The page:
Collette History, Family Crest & Coats of Arms
The ancient Anglo-Saxon surname Collette came from the given name Nicholas. A common diminutive of the name Nicholas was Col and Ard was a Norman French suffix that meant son of. "William Colet was resident in Normandy 1180-95 (Mag. Rot. Scac.); Humphry and William Colet in 1198." 
Alternatively, the name could have been an occupational name for a "colet, or acolyte, [one] who waited upon the priest and assisted in carrying the bread and wine, in lighting the candles, and performing all subordinate duties.' 
Early Origins of the Collette family
The surname Collette was first found in Oxfordshire where "the Colletts of this county are mostly found in the Oxford district. The name of Collet was represented in Oddington in the reign of Elizabeth. In the 13th century Colet was an Oxfordshire, Shropshire, and a London name. The "colet" was the old English form of "acolyte," a church servant, and it is remarkable that, as a rule, the homes of the Colletts are, or have been, in the vicinity of ecclesiastical centres." 
The Hundredorum Rolls of 1273 included: Colett de Sautre, Huntingdonshire; Walter Colet, Salop (Shropshire); and Dyonisia Colet, Oxfordshire and later the Yorkshire Poll Tax Rolls of 1379 listed
Coleta Elot; Henricus Tayllour, et Collette uxor ejus; and Johannes Colet. 
Early History of the Collette family
This web page shows only a small excerpt of our Collette research. Another 151 words (11 lines of text) covering the years 1273, 1202, 1433, 1486, 1480, 1467, 1519 and 1505 are included under the topic Early Collette History in all our PDF Extended History products and printed products wherever possible.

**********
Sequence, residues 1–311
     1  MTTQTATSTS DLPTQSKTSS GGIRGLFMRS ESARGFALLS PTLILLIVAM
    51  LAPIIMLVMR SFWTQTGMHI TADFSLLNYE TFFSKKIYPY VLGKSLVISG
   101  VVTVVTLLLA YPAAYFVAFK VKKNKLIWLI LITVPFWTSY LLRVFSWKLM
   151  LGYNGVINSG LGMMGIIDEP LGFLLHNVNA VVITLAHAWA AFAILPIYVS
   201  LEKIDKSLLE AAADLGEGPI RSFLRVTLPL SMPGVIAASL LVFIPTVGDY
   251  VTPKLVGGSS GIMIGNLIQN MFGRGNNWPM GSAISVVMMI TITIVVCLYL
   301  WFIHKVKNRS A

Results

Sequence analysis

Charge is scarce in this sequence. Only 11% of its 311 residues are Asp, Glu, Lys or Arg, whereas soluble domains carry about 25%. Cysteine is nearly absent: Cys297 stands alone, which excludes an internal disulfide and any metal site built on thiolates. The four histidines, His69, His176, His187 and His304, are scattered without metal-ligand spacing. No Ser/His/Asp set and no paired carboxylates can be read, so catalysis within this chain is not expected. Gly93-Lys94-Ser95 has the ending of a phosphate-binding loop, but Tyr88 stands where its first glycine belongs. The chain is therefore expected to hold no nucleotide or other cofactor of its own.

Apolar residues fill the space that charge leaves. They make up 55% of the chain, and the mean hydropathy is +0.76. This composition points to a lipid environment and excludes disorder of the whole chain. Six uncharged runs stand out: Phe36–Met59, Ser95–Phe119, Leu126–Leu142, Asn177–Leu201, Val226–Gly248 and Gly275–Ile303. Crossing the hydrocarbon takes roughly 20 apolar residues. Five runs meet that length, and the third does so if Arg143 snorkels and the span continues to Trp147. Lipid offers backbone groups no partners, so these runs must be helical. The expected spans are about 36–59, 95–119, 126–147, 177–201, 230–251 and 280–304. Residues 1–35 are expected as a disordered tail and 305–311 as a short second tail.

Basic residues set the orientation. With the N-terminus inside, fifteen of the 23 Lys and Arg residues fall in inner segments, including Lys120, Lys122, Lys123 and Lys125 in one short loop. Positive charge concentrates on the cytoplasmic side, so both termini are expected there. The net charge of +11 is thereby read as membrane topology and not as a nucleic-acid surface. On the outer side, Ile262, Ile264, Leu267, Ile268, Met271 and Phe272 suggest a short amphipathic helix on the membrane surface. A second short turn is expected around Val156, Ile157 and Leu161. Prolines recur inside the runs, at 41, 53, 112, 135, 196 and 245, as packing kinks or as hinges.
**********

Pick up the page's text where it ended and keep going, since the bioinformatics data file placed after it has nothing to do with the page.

Collette Spelling Variations
The English language only became standardized in the last few centuries; therefore,spelling variations are common among early Anglo-Saxon names. As the form of the English language changed, even the spelling of literate people's names evolved. Collette has been recorded under many different variations, including Collett, Colett, Collet, Coullet, Caullet, Cowlett, Cowllett, Colleyt, Coulett, Caulett, Caullett, Coullett, Collette, Colette, Collete and many more.
Early Notables of the Collette family (pre 1700)
Notables of the family at this time include John Colet (1467-1519), a humanist and divine, a friend of Erasmus who helped bring the new learning to England. He was the Dean of St. Paul's, and founder of...
In the United States, the name Collette is the 4,857th most popular surname with an estimated 4,974 people with that name.  However, in France, the name Collette is ranked the 2,889th most popular surname with an estimated 2,000 - 2,500 people with that name. 
For many English families, the political and religious disarray that shrouded England made the far away New World an attractive prospect. On cramped disease-ridden ships, thousands migrated to those British colonies that would eventually become Canada and the United States. Those hardy settlers that survived the journey often went on to make important contributions to the emerging nations in which they landed. Analysis of immigration records indicates that some of the first North American immigrants bore the name Collette or a variant listed above:
Collette Settlers in United States in the 19th Century
Emigration to New Zealand followed in the footsteps of the European explorers, such as Captain Cook (1769-70): first came sealers, whalers, missionaries, and traders. By 1838, the British New Zealand Company had begun buying land from the Maori tribes, and selling it to settlers, and, after the Treaty of Waitangi in 1840, many British families set out on the arduous six month journey from Britain to Aotearoa to start a new life. Early immigrants include:
Collette Settlers in New Zealand in the 19th Century